WTF is Cloud Native? Even the experts don't completely agree. To help us unpack this sprawling topic, WTF is launching a series in which we ask some of the industry's thought leaders three key questions:
- What the f*#k is Cloud Native?
- What is Cloud Native's biggest problem?
- What is Cloud Native's secret superpower?
First up: tech ethicist Anne Currie, microservices guru Sam Newman, and the Financial Times' s Cloud Native pioneer Sarah Wells. Here's what they had to say.
Hard science fiction author,
Tech Ethicist, Container Solutions
Consultant, author of Monolith to Microservices
Tech Director for Operations and Reliability, Financial Times
WTF is Cloud Native?
It's about building systems that benefit from the cloud rather than just running on it.
You can move to the cloud by just taking your monolith and running on EC2, and you get some benefit—AWS now does a lot of the work for you around provisioning, configuring, patching, etc., of the infrastructure. And you can scale up or down very easily to meet demand.
But once you are in the cloud, you can change the way you architect your systems—so you can use microservices, deploy in containers, adopt Continuous Delivery and DevOps, and change from 12 releases a year to thousands (I know, because the Financial Times has done that).
Or you can use serverless tech like Lambda to abstract away even more of the underlying infrastructure.
And you can use the queues and data stores that your cloud provider offers, rather than maintaining your own database clusters.
Generally what you want to be doing is concentrating your efforts on business value, and passing on as much as possible of the legwork of building and supporting your platform to other people.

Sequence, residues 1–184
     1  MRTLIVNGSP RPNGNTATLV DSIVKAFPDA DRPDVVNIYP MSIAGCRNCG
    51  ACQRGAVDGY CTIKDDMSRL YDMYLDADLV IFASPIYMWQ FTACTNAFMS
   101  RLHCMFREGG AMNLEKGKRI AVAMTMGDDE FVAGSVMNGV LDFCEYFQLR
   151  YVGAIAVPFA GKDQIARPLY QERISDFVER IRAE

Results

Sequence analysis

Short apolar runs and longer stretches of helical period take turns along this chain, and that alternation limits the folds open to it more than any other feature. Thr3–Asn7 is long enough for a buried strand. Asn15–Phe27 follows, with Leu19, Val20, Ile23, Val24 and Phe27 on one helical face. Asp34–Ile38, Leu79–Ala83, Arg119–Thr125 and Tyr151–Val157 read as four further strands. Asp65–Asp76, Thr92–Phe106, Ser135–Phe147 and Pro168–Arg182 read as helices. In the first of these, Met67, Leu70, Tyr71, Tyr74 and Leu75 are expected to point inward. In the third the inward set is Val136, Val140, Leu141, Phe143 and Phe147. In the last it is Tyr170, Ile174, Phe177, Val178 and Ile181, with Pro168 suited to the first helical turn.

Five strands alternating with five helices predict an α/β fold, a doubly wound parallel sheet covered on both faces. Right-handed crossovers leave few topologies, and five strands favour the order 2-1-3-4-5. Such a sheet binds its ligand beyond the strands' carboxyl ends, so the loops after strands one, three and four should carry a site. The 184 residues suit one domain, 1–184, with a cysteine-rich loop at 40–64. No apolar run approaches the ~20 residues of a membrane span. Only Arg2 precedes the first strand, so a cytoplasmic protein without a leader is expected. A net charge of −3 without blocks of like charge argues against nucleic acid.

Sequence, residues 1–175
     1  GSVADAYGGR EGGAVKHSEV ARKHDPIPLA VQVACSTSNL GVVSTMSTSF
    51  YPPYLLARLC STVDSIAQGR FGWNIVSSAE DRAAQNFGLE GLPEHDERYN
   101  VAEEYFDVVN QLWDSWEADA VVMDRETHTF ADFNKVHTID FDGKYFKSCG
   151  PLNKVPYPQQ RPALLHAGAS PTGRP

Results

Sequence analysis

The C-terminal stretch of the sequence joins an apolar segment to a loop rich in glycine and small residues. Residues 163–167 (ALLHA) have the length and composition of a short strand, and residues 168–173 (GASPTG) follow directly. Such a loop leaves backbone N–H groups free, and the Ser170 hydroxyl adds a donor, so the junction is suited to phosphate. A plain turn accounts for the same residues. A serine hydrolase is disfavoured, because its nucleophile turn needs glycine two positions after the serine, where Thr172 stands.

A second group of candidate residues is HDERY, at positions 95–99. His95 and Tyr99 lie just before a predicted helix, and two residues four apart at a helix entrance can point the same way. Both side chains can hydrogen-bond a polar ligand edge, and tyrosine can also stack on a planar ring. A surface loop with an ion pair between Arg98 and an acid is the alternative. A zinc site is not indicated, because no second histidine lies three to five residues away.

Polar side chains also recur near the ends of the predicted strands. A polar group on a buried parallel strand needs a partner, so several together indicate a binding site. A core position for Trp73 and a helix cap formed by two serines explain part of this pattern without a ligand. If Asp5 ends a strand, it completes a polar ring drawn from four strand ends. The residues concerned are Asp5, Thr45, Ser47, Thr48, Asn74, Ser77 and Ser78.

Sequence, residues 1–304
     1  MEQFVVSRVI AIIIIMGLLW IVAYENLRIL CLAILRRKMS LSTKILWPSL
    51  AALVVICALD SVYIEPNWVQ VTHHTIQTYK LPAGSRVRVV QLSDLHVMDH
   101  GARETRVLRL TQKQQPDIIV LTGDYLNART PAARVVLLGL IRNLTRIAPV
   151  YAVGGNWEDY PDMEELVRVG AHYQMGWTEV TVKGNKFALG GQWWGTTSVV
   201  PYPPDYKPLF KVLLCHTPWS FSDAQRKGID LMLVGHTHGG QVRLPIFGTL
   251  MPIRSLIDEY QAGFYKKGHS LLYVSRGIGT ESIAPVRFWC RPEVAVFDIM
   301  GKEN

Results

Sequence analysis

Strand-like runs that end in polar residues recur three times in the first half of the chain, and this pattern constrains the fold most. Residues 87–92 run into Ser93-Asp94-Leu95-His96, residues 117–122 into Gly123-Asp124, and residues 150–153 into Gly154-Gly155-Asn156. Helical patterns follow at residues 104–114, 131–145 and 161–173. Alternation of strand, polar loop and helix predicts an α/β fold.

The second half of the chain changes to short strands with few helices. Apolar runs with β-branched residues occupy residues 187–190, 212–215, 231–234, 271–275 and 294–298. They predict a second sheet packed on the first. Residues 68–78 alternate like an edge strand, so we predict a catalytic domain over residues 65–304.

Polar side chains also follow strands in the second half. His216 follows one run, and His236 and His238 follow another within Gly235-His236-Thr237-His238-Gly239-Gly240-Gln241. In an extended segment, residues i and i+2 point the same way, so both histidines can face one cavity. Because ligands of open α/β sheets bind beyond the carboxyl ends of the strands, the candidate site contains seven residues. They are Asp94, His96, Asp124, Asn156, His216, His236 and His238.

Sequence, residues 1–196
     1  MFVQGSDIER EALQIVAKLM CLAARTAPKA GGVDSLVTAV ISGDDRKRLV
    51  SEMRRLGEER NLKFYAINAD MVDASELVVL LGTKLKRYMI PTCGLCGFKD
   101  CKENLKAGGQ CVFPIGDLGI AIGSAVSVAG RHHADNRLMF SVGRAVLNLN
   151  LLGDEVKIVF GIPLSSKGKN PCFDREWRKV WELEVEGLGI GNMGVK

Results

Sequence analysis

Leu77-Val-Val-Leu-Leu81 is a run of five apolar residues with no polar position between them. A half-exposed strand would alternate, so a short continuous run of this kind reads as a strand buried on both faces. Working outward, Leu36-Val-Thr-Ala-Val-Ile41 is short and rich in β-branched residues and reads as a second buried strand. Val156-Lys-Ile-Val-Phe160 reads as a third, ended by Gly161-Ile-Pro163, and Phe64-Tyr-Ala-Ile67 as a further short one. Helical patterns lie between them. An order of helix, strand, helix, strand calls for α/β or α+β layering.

What’s the biggest problem with Cloud Native?
The big change for me when we moved to the cloud and started building microservices etc. is that, suddenly, writing code was taking up less than 50% of my time as a developer, The rest was spent on building and running our systems. That's largely because we no longer had a separate infrastructure team doing that. But it's also because, as early adopters, you are dealing with things that are still a bit rough 'round the edges.
For example, we started using containers before there was much good tooling around them. We built our own cluster orchestration!
It's tough to expect developers to know the full breadth of stuff they may have to tackle. At the moment, the best options seem to be having a core platform team that builds the layer between your cloud provider and your developers, or opting for a PaaS, something like Heroku (used quite heavily at the FT).
I'm hoping that, over time, things will get tidied up and abstracted away, to the point where as a developer, you don't have to spend much time thinking about the underlying deployment platform.
What’s Cloud Native’s underrated superpower?
I feel like it's much easier to attribute costs, and to work out the total cost of building and running a system—to help identify whether it is worth continuing to invest in it, for example. We're starting to look at that at the FT, but we still have lots of things where the cost is held centrally rather than allocated across systems. But the way things get built in Cloud Native, this stuff is a lot easier to track.